I don't think reducing options such as races and classes really simplifies the game: it just reduces options. The complexity of the game (relatively speaking) comes from all the little things you have to remember during game play, and the granularity to what degree the rules mimic everything that happens in the narrative environment. The easiest way to simplify is probably just to become more...
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Saturday, 13th September, 2014

  • 11:38 AM - pemerton mentioned Mercurius in post (More) ruminations on the future of D&D
    ... battle cries, etc, but do not fundamentally drive the game. Choosing whether my fighter is faithful or impious, headstrong or cautious, grumpy or welcoming of human contact - to me these are not significantly more creative than choice of weapon. They add fun colour to a session, and - if the GM is running a tight railroad - can make bearable, even pleasurable, what would otherwise be intolerable. But the only reason WoW couldn't be played with the same spirit is that it doesn't have a voice-driven interface, and so sociaility isn't as big a part of the game. When playing through The Sunless Citadel, for instance, whether my fighter is grumpy or friendly, or headstrong or cautious, makes no more real difference to the outcome than it might in WoW: it's just that, in the D&D session, with my friends there with me, I have more incentive to play for laughs or kudos from them rather than just playing to win. I'm still far from clear what sort of imaginative/creative/artistic element Mercurius believes is key to RPGs and missing from video-games, but if it is this sort of player creativity - generating and expressing colour for their PCs - then I'm not sure that it's a point of quality, as opposed merely to difference, from computer-gaming. Now a game in which the players contribute meaningfully to backstory, and to theme and stakes, and thereby (for instance) choose who their enemies are within the context of the campaign (eg are we soldiers for Heaven, or for Hell, or playing each side off against the other? for profit, or for humanity?), and really make a difference to how the plot of the campaign unfolds, is a different thing. That involves creativity, and something like artistic commitment, from the players. But I'm not sure that this is the norm for D&D play. Perhaps we should also look at the difference between creating something oneself--whether as a GM, a story writer, movie maker, musician etc--and participating as a player, reader, viewer, listener. I th...

Friday, 22nd August, 2014

  • 06:22 AM - Lanefan mentioned Mercurius in post 5E Wishlists!
    Mercurius hit pretty much all of what would be on my list. The "splat annual" is a good idea. I wouldn't mind seeing some classic 0e and 1e modules updated/converted to 5e, but tied in better with their particular setting. Isle of Dread, for example, could tie in with Mystara/Known World. Night's Dark Terror could be one of those sandbox boxes you're talking about. And so on. Lanefan

Thursday, 21st August, 2014

  • 11:59 PM - Thunderfoot mentioned Mercurius in post I think we can safely say that 5E is a success, but will it lead to a new Golden Era?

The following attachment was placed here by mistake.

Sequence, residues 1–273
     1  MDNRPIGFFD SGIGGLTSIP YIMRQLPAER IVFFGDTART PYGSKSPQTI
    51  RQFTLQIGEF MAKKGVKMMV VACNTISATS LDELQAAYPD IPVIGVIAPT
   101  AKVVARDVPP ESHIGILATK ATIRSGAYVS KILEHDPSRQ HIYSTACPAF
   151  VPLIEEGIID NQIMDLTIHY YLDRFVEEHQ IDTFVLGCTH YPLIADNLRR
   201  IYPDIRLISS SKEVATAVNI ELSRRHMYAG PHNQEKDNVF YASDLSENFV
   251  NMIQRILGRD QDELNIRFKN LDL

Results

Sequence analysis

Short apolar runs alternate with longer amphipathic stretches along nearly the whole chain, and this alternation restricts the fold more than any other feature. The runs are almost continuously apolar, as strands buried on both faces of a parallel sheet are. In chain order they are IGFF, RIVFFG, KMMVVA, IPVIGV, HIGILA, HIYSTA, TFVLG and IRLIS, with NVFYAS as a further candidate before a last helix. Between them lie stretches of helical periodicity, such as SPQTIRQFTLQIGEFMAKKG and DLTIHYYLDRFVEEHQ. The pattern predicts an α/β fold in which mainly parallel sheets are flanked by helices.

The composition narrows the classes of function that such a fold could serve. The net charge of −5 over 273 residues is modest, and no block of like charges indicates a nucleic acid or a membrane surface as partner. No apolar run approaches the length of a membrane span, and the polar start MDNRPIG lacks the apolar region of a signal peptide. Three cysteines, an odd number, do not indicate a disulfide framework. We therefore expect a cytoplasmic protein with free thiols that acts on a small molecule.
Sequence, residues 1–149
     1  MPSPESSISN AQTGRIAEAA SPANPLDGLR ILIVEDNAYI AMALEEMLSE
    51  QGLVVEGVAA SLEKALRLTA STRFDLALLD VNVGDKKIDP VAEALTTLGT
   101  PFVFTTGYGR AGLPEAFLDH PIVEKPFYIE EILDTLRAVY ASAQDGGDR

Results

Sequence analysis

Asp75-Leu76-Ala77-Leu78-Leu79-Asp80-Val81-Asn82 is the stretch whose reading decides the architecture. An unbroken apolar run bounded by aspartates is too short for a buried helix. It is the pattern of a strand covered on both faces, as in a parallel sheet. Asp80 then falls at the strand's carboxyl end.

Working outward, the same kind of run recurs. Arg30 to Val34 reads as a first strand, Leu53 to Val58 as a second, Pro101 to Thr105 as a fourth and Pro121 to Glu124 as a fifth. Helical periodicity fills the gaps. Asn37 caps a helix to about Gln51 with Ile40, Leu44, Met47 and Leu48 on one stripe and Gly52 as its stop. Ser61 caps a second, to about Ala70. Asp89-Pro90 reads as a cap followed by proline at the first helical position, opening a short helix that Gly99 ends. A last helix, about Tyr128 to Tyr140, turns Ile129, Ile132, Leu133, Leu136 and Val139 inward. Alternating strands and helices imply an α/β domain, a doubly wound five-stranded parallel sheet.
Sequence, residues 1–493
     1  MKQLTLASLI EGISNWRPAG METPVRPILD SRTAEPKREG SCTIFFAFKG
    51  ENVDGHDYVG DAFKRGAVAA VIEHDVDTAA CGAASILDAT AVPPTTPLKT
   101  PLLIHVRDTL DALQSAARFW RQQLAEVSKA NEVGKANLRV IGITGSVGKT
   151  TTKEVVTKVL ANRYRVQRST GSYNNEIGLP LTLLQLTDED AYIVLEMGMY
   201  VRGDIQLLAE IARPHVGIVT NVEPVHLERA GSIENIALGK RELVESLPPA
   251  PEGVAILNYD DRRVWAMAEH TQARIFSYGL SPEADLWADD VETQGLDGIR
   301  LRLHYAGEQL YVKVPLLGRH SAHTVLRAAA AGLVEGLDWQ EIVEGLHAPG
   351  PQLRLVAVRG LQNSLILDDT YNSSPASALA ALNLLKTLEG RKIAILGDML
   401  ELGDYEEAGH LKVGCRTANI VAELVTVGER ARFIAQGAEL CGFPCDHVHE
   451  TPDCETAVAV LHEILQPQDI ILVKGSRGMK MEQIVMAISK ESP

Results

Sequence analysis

Great post Mercurius I think you've brought up some valid points, but let me address a couple. As to the stigma involved - Even those that were the "jocks" in the 80s can't deny the social acceptance of nerd culture; so parents in the 30 to 50 range are much less likely to rely on the "My kid won't be no nerd... (bad English intended) As a parent of two 20 year olds (the wife and I are in our mid 40s) I can say that we did it the old fashioned way, we birthed more gamers. And as to the "graying" of the hobby, the number of second, third, & even fourth generation players is solid - GenCon (a small but efficient sampling, showed that attendees under the age of 30 were out in droves, and while some were there for other activities, (cosplay, CCGs and anime) the vast majority were hard core gamers of the Table top variety. I think the growing number of pop-culture stars that are outing themselves as closet geeks, nerds and freaks is helping to ease the stigma (are YOU going to tell Vin Diesel that...

Friday, 15th August, 2014

  • 07:57 AM - pemerton mentioned Mercurius in post I think we can safely say that 5E is a success, but will it lead to a new Golden Era?
    To make it clear what I think: * I think it is too early to confidently predict that 5e will enjoy enduring commercial success of the sort that Mercurius has described upthread (ie a steady stream of supplements sold to a large base). * Furthermore, I think that Mearls has as much as said that that is not their goal for D&D. * I think that explaining 4e's commercial problems by reference to "it was a radical departure from D&D" is post-hoc. It is simply a reiteration of the fact that 4e experienced commercial difficulties. It doesn't tell us anything about what was or was not appealing about 4e. To give a concrete example of the 3rd point: edition warriors often complain about healing surges and extended rests; but those features of 4e carry on into 5e (though without the integration of surges into the broader framework of the combat and magic mechanics). Hence we can infer that healing surges and extended rests were not too radical a departure from D&D. The only real way to work out what aspects of 4e were widely unpopular is to examine 5e closely to see what bits of 4e do or do not carry through. And even then, I'm not con...

Thursday, 14th August, 2014

  • 11:11 AM - pemerton mentioned Mercurius in post I think we can safely say that 5E is a success, but will it lead to a new Golden Era?